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  1. Why and how people use R John D. Cook M. D. Anderson Cancer Center www.JohnDCook.com

  2. What is R? • Open source statistical language • De facto standard for statistical research • Grew out of Bell Labs’ S (1976, 1988) • Influenced by Scheme, Fortran • Quirky, flawed, and an enormous success

  3. R in data analysis Languages used in Kaggle.com data analysis competition 2011Source: http://r4stats.com/popularity

  4. R in bioinformatics (2012) http://bioinfsurvey.org/analysis/programming_languages/

  5. So what is using R like?

  6. "Using R is a bit akin to smoking. The beginning is difficult, one may get headaches and even gag the first few times. But in the long run, it becomes pleasurable and even addictive. Yet, deep down, for those willing to be honest, there is something not fully healthy in it.“ -- Francois Pinard

  7. “… R has a unique and somewhat prickly syntax and tends to have a steeper learning curve than other languages.” Drew Conway John Myles White

  8. The R Inferno by Patrick Burns http://www.burns-stat.com/pages/Tutor/R_inferno.pdf

  9. What about speed?

  10. Maybe 100x slower than C++, though it varies greatly.

  11. What about tool support?

  12. Limited compared to, for example,first release of Visual Studio (1995).

  13. So why do statisticians use R? “The best thing about R is that it was written by statisticians. The worst thing about R ...” Bo Cowgill, Google

  14. R is a DSL • To understand a DSL, start with D, not L. • The alternative to R isn’t Python or C#, it’s SAS. • People love their DSL, and will use it outside of its domain.

  15. What are statisticians like? • Different priorities than software developers • Different priorities than mathematicians • Learn bits of R in parallel with statistics

  16. Why a statistical DSL? • Statistical functions easily accessible • Convenient manipulation of tables • Vector operations • Smooth handling of missing data • Patterns for common tasks

  17. Some advantages of R • Batteries included, one namespace • Contrast Python + matplotlib + SciPy + IPython • Designed for interactive data analysis • Easier to program than, e.g., SAS • Open source, interpreted, portable • Succinct notation for querying and filtering • Succinct notation for linear regression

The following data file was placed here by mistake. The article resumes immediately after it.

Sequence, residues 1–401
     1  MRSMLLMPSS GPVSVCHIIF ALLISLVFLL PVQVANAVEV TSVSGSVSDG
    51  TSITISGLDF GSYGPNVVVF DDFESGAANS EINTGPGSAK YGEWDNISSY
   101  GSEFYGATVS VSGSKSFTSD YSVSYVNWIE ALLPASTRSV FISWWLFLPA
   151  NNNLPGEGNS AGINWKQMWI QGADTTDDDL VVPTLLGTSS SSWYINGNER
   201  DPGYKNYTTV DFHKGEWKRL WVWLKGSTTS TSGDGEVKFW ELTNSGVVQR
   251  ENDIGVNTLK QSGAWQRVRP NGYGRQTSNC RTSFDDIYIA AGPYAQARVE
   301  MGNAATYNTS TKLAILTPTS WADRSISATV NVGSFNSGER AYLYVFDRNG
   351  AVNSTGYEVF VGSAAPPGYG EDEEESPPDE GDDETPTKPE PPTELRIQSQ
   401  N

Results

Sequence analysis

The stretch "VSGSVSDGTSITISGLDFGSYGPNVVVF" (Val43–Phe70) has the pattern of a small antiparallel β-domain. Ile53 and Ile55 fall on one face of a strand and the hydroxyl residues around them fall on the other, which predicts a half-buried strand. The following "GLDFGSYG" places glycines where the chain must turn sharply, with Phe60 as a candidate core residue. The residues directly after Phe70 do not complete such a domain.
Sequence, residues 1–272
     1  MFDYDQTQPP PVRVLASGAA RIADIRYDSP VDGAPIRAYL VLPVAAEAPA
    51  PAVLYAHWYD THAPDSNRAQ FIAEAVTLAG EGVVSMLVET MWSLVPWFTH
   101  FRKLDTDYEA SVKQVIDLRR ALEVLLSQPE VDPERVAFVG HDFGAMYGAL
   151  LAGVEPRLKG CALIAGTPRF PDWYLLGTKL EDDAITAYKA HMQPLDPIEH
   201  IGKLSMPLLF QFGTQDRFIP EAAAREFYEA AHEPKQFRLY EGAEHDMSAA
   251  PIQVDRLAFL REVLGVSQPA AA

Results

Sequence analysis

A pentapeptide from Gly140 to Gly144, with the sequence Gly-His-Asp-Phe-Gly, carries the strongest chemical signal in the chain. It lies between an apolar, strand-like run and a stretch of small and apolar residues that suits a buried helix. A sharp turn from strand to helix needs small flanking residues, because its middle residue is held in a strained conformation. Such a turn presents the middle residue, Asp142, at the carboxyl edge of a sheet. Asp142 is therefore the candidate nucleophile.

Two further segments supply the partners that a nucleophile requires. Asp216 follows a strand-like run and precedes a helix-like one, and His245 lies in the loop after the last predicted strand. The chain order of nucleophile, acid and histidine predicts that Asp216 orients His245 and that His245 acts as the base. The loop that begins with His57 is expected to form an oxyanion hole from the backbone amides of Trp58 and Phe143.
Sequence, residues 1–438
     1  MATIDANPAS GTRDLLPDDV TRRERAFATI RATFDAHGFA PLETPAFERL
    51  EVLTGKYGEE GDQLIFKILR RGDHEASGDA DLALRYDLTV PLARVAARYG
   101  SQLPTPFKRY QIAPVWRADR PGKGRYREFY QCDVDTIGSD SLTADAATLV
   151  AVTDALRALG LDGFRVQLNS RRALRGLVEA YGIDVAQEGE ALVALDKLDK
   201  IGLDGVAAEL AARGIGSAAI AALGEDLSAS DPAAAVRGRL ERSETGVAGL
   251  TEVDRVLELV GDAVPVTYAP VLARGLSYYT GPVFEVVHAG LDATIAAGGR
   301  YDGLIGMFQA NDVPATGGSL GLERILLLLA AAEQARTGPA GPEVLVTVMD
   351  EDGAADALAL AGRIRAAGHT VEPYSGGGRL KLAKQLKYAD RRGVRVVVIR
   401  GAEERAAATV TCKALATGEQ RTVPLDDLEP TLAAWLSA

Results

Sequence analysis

18. Examples Set all NA elements of x to 0. x[ is.na(x) ] <- 10 Fit a linear regression model to was a function of x, y, and z, including a constant term and all first order interaction terms except xz. model ~ lm(w ~ (x + y + z)^2 – x:z)

  19. Simple regression growth tannin 12 0 10 1 8 2 11 3 6 4 7 5 2 6 3 7 3 8

  20. Regression example > data <- read.table("regression.txt", header=T) > attach(data) > names(data) [1] "growth" "tannin" > model <- lm( growth ~ tannin ) > summary(model) ... Coefficients: Estimate Std. Error t value Pr(>|t|) (Intercept) 11.7556 1.0408 11.295 9.54e-06 *** tannin -1.2167 0.2186 -5.565 0.000846 *** ... Residual standard error: 1.693 on 7 degrees of freedom Multiple R-squared: 0.8157, Adjusted R-squared: 0.7893 F-statistic: 30.97 on 1 and 7 DF, p-value: 0.0008461

  21. Recycling • Strange, dangerous, or convenient,depending on your perspective • If you add two vectors of different lengths,the shorter will be recycled to be as long as the longer vector. • Example:> 1:6 + c(10, 100)11 102 13 104 15 106

  22. Recycling cont. > x <- matrix(1:6, ncol = 2) > x [,1] [,2] [1,] 1 4 [2,] 2 5 [3,] 3 6 > x + c(10, 100) [,1] [,2] [1,] 11 104 [2,] 102 15 [3,] 13 106

  23. Lessons from R for language designers • Users may have very different priorities than computer scientists. • Users will put up with a lot of crapto get their work done. • Users will a familiar tool over a better tool if at all feasible.

  24. Resources • http://www.r-project.org/ • http://www.johndcook.com/R_language_for_programmers.html • “The Art of R Programming” by Normal Matloff • @RLangTip